The third insight is that nothing is “I, me or mine.” I can’t control how I think or feel, so my mind isn’t mine. My body isn’t mine. It doesn’t always listen to me, and eventually will grow sick and die. The idea that there is some inner Self in control of our mind and body is a pure fiction.
These are the insights that the Theravada tradition says lead to liberation and happiness.
When we turn to the Mahayana tradition, there are other insights that are the ultimate fruit of meditation—specifically the insight into emptiness—the all-togetherness-of-things, the fact that things aren’t things at all but processes or energy—that the energetic process that we are is part of the wholeness of the universe.
These are insights and experiences you may or may not have while sitting. I want to suggest, however, that you don’t strive for any of these insights.
I want to suggest that you sit without expectation with just one intention. That’s the intention of simply being present. When you try sitting without any other intentions, the first thing you’ll notice is all the other intentions you have—the intentions to be more alert, less distracted, calmer, happier, more comfortable, and so on. You can’t make them go away, but you can just watch them come and go. You can, as Uchiyama Roshi says, “open the hand of thought.” Let go of them as you become aware of them, and remind yourself to just be present for whatever shows up. Whatever it is, welcome it in. Treat it like an honored guest. Let it abide as long as it wishes, but don’t invite it to stay longer.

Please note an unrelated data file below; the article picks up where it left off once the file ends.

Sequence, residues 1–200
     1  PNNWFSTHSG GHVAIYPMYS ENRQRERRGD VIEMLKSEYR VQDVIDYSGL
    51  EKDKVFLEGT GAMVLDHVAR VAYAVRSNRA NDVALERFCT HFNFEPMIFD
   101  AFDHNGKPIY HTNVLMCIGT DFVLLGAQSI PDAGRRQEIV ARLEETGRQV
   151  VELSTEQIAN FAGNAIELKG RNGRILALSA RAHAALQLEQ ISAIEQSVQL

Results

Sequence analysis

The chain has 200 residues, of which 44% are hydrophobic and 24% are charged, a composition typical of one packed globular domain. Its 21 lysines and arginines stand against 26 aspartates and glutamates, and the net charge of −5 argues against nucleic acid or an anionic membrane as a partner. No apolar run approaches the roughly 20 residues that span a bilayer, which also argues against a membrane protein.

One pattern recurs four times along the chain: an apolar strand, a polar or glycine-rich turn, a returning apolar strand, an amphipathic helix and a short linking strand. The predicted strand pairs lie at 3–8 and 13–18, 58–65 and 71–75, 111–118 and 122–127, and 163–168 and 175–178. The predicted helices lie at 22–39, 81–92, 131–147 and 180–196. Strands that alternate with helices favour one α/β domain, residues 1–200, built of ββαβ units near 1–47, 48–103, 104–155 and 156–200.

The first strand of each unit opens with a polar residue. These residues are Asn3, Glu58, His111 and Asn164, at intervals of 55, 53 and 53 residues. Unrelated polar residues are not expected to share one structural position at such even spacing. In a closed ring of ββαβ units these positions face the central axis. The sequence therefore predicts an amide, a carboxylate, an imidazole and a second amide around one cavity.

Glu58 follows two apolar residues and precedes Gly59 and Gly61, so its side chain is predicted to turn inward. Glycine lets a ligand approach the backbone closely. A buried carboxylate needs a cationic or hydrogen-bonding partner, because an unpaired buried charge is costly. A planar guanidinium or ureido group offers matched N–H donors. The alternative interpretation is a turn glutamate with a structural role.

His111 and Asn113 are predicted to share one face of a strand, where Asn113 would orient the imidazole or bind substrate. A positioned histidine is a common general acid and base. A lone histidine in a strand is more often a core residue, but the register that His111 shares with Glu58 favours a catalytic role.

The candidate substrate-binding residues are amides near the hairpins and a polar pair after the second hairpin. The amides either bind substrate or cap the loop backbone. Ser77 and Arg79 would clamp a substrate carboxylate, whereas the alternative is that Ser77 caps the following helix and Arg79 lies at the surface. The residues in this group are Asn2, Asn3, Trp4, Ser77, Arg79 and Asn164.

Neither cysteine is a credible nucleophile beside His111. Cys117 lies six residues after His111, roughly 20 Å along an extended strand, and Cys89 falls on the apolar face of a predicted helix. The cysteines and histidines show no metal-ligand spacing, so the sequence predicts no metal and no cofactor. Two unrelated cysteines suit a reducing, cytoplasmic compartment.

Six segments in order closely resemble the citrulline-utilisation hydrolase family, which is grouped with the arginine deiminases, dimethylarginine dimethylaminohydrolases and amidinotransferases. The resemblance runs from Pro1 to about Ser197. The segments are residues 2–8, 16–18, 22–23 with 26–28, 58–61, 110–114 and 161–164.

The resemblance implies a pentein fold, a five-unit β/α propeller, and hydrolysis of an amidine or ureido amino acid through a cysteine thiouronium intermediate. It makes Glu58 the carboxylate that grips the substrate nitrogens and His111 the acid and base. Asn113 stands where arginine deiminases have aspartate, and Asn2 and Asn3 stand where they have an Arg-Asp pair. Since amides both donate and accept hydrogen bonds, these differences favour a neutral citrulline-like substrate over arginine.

As Ajahn Chah said:
“Try to be mindful. And let things take their natural course.
Then your mind will become still in any surroundings – like a clear forest pool.
All kinds of wonderful, rare animals will come to drink at the pool – and you will clearly see the nature of all things.
You will see many strange and wonderful things come and go, but you will be still.
This is the happiness of the Buddha.”
Your body—and by your body I mean your psychophysiological energetic being acting in concert with the universe—knows more than your conscious mind knows. If you just sit quietly, that whole process unfolds and reveals itself. Your fullness of being expresses itself in ways your conscious mind couldn’t possibly anticipate. Allow it to do just that. In doing so, become more fully yourself. In so doing, you can discover the path you’re meant to be on, or what the next step on that journey is. Whatever it is, it’s unique to you.
There’s such a thing as Father Zen and such a thing as Grandmother Zen. Father Zen says, “Practice like your hair is on fire.” It says, “Shut up and sit up straight.” It says “Break on through to the other side.”
Grandmother Zen says, “Sit down, relax, make yourself at home.” It sees zazen as similar to water that slowly wears away rock. You don’t need to do anything except continuously show up. Zazen itself does the work. You don’t make enlightenment happen; enlightenment is what zazen does to you.
There’s a place for Father Zen and a place for Grandmother Zen. But I have to admit, I’m partial to Grandmother Zen.
And speaking of Grandmotherly types, there’s a story allegedly about Mother Teresa. I have no idea if its true.
In the story, someone asks Mother Teresa what she says during her prayers. She answers, “I don’t say anything; I just listen.” She’s then asked, “Well then, what does God say?” She answers, “He just listens too.”
If you sit in this way, you will not attain Enlightenment. There is no Enlightenment to attain. There is just endless awakening and realization. You will not have the Buddha’s experience. That experience was his. But you can have your own.